Between the Middle Ages and Modernity: Individual and Community in the Early Modern World
- Publish Date: 2006-12-21
- Binding: Paperback
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This groundbreaking book examines the complex relationships between individuals and communities during the profound transitions of the early modern period. Historians have traditionally identified the origins of a modern individualist spirit in the European Renaissance and Reformation. Yet since the 1960s, evolving scholarship has challenged this perspective by calling into question its basic assumptions about individualism, its exclusive focus on elite individuals, and its inherent Eurocentric bias. Arguing that individual identity drew from traditional forms of community, these essays by leading scholars convincingly show that individual and community created and recreated one another in the major structures, interactions, and transitions of early modern times. The authors contend that on the one hand, communities provided the stability that allowed for individual agency, even as they imposed new forms of discipline that confined individuals to more rigid moral and social norms. On the other hand, individuals established forms of association to advance their own economic, social, political, and religious agendas. Offering an important contribution to our understanding both of the early modern period and of its historiography, this volume will be an invaluable resource for scholars working in the fields of medieval, early modern, and modern history, and on the Renaissance and Reformation.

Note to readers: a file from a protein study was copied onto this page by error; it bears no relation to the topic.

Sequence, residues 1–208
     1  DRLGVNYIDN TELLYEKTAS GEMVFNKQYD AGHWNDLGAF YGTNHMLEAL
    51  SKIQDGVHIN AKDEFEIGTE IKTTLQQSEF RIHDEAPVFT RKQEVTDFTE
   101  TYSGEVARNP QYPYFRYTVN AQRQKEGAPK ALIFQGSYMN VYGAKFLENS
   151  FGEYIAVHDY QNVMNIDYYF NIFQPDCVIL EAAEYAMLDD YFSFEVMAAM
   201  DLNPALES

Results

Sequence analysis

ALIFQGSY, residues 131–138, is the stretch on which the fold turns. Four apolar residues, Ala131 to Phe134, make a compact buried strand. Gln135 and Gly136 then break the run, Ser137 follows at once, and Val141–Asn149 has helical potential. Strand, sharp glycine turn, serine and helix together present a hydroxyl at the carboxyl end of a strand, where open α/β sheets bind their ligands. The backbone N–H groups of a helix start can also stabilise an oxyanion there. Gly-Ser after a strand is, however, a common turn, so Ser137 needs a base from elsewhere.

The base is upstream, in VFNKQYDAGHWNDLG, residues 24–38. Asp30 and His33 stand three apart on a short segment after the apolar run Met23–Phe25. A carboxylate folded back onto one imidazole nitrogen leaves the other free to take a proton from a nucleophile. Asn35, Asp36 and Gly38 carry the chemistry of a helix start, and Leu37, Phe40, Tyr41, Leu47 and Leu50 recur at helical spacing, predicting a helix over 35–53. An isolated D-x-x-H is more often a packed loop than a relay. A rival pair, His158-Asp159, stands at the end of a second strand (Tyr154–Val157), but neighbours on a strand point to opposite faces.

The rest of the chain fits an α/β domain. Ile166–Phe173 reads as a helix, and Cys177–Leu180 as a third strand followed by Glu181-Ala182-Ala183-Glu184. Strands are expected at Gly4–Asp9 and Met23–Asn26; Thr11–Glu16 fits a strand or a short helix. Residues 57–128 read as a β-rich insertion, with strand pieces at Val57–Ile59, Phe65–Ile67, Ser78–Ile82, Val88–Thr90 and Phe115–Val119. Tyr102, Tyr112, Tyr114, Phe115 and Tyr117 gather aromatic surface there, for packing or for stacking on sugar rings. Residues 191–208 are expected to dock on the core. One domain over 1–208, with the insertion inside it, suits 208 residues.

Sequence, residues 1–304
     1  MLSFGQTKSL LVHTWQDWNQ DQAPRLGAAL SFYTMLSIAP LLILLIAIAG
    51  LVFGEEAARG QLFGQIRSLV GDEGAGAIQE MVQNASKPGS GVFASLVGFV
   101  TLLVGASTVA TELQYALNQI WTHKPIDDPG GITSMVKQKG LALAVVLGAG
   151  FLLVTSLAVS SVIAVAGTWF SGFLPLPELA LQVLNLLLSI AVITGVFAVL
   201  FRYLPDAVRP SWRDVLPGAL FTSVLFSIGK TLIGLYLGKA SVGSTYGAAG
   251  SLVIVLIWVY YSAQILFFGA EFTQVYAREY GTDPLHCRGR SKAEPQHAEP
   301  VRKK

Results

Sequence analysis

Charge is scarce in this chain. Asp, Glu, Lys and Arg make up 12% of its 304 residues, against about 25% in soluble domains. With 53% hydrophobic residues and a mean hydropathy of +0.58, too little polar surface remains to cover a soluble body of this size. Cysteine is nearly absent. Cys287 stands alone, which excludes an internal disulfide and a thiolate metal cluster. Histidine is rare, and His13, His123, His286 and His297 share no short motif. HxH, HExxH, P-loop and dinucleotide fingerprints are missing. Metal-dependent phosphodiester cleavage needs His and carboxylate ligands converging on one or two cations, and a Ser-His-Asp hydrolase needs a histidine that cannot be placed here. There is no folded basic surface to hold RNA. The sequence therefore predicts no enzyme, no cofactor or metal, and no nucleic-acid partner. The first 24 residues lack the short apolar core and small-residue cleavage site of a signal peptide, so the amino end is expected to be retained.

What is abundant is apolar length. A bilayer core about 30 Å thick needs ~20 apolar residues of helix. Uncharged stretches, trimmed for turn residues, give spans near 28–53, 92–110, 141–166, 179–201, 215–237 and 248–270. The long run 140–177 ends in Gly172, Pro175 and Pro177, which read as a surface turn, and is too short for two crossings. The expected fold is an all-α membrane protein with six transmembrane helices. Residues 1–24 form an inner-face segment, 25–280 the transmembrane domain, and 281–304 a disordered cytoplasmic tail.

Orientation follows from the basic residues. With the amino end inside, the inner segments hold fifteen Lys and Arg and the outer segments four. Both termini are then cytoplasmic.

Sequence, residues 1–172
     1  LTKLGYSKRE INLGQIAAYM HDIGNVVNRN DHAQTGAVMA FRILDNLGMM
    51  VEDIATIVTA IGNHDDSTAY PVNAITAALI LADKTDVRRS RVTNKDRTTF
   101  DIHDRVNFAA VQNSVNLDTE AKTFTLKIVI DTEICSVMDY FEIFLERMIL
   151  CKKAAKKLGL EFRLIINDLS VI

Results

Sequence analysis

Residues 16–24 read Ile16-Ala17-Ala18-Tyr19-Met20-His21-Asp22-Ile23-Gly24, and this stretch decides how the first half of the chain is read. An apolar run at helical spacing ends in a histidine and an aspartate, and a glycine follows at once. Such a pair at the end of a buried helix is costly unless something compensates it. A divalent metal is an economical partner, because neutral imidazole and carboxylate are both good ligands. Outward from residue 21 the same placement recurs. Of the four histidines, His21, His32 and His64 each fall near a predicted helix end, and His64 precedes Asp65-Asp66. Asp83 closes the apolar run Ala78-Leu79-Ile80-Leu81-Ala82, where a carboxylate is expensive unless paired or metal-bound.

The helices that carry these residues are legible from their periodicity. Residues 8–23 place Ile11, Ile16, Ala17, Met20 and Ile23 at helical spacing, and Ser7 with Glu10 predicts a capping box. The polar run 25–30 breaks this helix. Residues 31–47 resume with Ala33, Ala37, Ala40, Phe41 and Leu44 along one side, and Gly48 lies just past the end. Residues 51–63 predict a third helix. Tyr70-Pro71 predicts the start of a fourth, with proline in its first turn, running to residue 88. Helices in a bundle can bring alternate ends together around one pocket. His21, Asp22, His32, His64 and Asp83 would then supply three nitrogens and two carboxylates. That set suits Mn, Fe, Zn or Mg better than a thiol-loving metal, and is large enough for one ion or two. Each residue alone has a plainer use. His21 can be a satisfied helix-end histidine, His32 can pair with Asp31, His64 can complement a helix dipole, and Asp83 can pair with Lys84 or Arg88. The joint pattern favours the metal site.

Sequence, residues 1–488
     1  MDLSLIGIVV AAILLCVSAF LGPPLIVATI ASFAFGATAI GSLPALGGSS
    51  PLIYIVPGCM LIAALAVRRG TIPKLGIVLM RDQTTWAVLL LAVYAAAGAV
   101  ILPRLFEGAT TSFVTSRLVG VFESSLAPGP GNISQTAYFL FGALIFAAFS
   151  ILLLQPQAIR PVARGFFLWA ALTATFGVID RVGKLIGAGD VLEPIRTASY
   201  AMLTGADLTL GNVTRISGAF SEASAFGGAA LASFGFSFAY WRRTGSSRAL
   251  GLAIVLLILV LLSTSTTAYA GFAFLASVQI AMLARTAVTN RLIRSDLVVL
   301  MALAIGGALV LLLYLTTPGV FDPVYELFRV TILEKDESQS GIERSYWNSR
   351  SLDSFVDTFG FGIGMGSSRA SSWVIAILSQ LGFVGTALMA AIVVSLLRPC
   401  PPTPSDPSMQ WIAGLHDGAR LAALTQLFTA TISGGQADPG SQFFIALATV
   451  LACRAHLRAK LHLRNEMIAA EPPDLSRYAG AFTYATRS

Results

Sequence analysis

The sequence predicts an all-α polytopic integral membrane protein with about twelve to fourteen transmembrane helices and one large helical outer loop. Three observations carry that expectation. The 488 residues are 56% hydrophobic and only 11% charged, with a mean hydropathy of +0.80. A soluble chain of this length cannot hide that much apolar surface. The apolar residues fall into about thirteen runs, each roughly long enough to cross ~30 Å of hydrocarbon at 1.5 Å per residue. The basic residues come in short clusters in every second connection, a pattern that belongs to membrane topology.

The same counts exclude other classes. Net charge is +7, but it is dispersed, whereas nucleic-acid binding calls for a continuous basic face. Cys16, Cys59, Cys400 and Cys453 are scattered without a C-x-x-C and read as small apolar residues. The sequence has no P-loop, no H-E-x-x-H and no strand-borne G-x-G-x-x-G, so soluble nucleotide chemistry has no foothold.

Contributions by: Jerry H. Bentley, Thomas A. Brady Jr., Douglas Catterall, Donald J. Harreld, Susan C. Karant-Nunn, Marie Seong-Hak Kim, Henk van Nierop, Charles H. Parker, Michael N. Pearson, Carla Rahn Phillips, William D. Phillips Jr., Elizabeth Bradbury Pollnow, Kathryn L. Reyerson, Hugo de Schepper, Ulrike Strasser, Sanjay Subrahmanyam, and Markus P. M. Vink